In GenderWatch, Chris Jahnke writes, “The turmoil of the midterms will reach a fever pitch on election night as people anxiously watch the returns. No matter the outcome, it’s up…” Read the full article here.
Dr. Christine Blasey Ford was subjected to the same double-standards Anita Hill dealt with in eerily similar circumstance: both were expected to be pleasing while their abusers felt free to let their anger fly.
Women who speak truth to power often face intense scrutiny and pressure to conform to expectations. Yet, knowing full well what they would face, Blasey Ford and Hill still came forward. Sitting on the sidelines or keeping quiet were not options. A strong motivating force, a sense of obligation or “civic duty,” propelled them to speak out.
You likely feel the same way about your advocacy work—and that’s good, because that inner motivation can drive you forward. You can use it to speak out for what you believe in and to push back against bias, exploitation and hate.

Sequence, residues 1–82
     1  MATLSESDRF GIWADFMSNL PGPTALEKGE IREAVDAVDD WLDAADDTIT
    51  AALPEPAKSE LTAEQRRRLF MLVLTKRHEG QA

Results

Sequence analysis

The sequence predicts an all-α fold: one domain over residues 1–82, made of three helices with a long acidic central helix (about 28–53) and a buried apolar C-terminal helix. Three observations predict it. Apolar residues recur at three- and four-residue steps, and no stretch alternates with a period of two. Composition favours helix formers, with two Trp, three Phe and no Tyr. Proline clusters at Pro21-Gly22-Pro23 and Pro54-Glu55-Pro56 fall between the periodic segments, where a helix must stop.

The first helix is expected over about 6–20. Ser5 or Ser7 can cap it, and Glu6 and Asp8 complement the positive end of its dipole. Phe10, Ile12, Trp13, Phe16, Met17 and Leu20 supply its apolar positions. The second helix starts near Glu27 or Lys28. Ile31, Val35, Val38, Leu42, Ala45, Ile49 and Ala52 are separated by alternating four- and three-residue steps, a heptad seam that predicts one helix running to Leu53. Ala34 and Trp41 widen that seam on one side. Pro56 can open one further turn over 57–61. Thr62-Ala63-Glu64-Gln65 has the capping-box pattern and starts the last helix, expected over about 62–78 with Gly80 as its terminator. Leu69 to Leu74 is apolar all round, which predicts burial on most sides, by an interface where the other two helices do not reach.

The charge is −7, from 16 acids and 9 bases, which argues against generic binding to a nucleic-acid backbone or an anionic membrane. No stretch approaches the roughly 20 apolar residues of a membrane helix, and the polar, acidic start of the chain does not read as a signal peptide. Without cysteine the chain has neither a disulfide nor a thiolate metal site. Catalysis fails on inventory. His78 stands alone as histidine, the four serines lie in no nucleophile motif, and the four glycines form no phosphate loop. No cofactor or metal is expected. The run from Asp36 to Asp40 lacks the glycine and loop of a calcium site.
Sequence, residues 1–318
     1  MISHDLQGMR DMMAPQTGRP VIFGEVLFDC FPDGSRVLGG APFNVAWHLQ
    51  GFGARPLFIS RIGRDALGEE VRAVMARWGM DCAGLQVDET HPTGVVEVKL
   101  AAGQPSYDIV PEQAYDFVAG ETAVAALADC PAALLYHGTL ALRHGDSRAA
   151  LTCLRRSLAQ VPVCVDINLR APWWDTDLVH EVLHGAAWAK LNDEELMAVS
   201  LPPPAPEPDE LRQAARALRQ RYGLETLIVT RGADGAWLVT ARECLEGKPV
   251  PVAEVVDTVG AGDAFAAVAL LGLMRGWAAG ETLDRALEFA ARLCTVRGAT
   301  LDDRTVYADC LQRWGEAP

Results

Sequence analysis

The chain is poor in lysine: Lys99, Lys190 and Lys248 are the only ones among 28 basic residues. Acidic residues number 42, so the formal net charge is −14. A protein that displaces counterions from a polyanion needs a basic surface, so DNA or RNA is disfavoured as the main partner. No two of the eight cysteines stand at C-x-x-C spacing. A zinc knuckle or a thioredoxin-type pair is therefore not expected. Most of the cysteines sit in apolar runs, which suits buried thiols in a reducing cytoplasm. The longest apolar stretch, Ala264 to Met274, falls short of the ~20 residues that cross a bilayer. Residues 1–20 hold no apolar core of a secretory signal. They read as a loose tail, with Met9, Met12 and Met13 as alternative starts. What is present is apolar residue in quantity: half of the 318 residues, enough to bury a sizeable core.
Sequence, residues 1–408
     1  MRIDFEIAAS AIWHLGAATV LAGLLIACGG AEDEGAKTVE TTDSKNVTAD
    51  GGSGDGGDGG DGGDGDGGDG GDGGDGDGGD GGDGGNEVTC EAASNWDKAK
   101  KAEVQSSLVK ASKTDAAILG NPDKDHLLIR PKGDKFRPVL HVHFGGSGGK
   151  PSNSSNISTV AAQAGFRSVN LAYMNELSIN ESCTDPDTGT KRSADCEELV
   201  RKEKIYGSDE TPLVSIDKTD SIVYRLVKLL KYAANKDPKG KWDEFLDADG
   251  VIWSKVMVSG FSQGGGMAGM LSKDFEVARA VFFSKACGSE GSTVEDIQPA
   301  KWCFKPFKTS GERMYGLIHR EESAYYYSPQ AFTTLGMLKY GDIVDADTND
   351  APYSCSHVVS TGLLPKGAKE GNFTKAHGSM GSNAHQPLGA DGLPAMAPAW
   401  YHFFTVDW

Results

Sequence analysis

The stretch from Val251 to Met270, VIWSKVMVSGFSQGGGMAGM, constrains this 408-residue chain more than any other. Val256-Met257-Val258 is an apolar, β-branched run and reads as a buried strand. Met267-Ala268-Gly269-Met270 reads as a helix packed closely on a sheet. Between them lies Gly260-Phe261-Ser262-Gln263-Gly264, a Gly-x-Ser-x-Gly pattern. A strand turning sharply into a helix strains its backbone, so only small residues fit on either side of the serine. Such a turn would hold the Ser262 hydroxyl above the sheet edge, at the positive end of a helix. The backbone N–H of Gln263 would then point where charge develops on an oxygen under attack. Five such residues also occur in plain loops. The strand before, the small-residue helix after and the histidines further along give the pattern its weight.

Here are some core principles to guide your way.
Read the full article here.
Photo Credit: United States Senate cameras. From Official YouTube channel for US Senator Dick Durbin., Public domain, via Wikimedia Commons
Oprah – Other Worldly Source of Inspiration: What Every Woman Candidate Can Learn from Her Magnus Opus
In GenderWatch, Chris Jahnke writes, “In today’s blockbuster release of A Wrinkle in Time, Oprah Winfrey plays Mrs. Which – an out-of-this world being who inspires a young girl to “Be a warrior.” Real-world Oprah doesn’t need to appear as a shimmering light to lead us out of the darkness here on Earth.” Read the full article here.
Photo Credit: Photo by Monica Silvestre from Pexels